Journalist Alice Su visits Elon to lecture on Middle Eastern Refugees

by Dalton Cox

From March 12-13 Elon University hosted Jordan-based journalist Alice Su as a guest lecturer. Su is a 23-year-old graduate of Princeton University and Pulitzer Center grantee, who reports on the experiences of asylum seekers in Jordan and Lebanon. Elon’s School of Communications and the Pulitzer Center co-sponsored the event.

Alice Su lectures at Elon University
Alice Su lectures at Elon University, photo by Dalton Cox

Currently, Jordan houses over 620,000 Syrian refugees. Su puts this statistic in perspective, comparing Jordan’s immigration surge to the hypothetical migration of Canada’s entire population into the United States.

Su’s lecture, entitled “Interim Lives: Refugee survival in Jordan and Lebanon,” gave a broad overview of what she has learned as a young journalist working with refugees. The presentation detailed the unyielding challenges and small triumphs met by these alienated people, incorporating humanizing firsthand accounts. One example included the story of a destitute family attempting to celebrate Ramadan for the benefit of their young child.

Su originally relocated to the Middle East after graduating Princeton in 2013 to complete two intensive Arabic language programs. She then began interning in Jordan with a small radio station, translating investigative reports from Arabic to English. Su did not want to teach English, so she began freelance writing to earn an income. Her first story was for The Atlantic Magazine about the Jordan-China fair, an exposition for Chinese commercial products trying to break in to the Middle Eastern market.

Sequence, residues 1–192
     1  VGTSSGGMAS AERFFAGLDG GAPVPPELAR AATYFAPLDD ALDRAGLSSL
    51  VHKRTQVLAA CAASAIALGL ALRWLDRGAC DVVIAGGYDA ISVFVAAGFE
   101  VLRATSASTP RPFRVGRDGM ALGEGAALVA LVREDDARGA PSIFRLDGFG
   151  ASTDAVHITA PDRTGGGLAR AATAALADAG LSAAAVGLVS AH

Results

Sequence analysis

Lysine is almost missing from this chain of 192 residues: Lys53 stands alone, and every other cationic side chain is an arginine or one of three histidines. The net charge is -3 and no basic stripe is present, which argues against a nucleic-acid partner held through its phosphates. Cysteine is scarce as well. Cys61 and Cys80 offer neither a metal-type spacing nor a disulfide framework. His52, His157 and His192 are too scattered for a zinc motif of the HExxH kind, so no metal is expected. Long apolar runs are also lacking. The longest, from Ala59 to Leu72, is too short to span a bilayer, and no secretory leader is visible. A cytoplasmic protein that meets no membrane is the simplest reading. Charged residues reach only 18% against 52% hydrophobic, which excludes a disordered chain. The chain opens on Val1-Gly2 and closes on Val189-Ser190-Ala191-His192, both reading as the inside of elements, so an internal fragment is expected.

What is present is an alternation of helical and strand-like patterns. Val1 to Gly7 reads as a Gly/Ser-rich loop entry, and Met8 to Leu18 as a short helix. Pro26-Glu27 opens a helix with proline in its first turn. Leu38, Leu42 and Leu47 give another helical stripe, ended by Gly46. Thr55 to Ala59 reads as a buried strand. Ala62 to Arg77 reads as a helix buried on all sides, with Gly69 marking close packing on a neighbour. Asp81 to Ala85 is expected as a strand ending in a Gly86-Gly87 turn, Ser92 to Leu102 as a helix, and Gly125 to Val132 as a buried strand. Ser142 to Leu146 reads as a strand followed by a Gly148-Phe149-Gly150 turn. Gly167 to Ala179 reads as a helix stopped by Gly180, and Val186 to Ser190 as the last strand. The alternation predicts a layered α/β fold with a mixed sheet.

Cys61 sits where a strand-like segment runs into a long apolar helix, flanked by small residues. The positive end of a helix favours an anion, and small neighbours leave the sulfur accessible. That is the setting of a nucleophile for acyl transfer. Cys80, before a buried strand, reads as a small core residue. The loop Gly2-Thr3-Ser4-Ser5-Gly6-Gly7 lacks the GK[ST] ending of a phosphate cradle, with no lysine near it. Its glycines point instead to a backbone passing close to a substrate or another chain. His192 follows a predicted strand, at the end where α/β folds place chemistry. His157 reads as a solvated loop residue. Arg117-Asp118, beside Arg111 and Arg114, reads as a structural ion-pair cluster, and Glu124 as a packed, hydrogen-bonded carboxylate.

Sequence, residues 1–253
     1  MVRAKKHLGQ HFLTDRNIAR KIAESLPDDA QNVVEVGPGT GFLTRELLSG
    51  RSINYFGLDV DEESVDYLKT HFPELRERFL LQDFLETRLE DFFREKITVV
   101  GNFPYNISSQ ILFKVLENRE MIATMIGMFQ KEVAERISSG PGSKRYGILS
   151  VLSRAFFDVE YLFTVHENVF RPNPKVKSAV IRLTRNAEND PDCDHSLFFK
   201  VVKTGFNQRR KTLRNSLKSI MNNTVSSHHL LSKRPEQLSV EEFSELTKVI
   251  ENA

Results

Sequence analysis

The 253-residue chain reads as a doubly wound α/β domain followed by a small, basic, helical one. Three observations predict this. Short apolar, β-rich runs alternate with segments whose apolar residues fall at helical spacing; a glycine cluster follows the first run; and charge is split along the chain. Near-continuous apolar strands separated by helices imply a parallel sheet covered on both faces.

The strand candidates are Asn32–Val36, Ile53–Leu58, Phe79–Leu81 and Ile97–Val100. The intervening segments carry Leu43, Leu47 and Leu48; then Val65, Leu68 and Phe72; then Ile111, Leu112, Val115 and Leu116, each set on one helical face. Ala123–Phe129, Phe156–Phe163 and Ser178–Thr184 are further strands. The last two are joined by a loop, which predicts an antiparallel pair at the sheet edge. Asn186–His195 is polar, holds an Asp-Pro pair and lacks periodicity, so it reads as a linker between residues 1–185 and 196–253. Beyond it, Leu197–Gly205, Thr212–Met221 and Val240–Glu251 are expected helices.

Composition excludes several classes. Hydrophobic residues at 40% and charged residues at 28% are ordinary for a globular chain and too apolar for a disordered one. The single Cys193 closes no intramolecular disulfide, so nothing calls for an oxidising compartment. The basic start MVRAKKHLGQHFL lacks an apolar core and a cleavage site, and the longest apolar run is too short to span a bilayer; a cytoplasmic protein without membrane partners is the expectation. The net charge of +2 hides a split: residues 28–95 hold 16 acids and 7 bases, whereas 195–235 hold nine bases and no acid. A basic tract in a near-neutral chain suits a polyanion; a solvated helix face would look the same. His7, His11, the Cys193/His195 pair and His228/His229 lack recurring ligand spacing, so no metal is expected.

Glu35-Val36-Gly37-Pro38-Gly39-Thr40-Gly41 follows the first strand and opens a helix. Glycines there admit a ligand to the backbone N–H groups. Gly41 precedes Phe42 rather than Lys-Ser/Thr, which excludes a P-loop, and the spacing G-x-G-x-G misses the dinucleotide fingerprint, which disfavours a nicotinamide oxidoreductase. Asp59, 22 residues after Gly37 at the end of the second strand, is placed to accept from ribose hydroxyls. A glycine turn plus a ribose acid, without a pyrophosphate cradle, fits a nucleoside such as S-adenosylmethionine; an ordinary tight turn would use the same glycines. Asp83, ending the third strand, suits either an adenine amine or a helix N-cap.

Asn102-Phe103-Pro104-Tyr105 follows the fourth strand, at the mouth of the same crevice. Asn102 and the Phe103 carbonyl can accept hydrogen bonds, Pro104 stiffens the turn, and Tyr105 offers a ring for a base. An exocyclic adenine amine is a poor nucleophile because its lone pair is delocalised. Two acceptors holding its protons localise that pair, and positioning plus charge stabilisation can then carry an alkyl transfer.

“I pushed this because I thought, I’m probably the only person who can write this story because I speak Arabic and Chinese,” Su said. “To my surprise they took the story. Eventually I realized I could sustain myself off my stories, and all of them at first were just cold pitches.”

Su’s persistence paid off. Today she has produced articles for such media sources as The Guardian, Wired and Al Jazeera. Through such extensive professional reporting, however, Su has had to cope with a sense of helplessness that comes with crisis reporting.

“I think I had an inclination to go to the Middle East with a kind of savior complex,” Su said. “I thought, maybe I’ll just write about the problems, and things will get better – or maybe if I write enough stories, then the refugee crisis will stop – or maybe if I write a book, the Syrians will stop fighting. It’s very humbling to see the scale of the conflicts that are going on and to see the scale of suffering, and to feel like I can’t fix it.”

Su has also come to understand what can continue to drive a reporter, despite the despair made evident by firsthand reporting of a crisis.

“If I think about what drives me in reporting and writing, it’s not so much anymore but I’m going to save this region,” Su said. “I just want to understand it. I feel like just doing that is enough.”

Video by Dalton Cox


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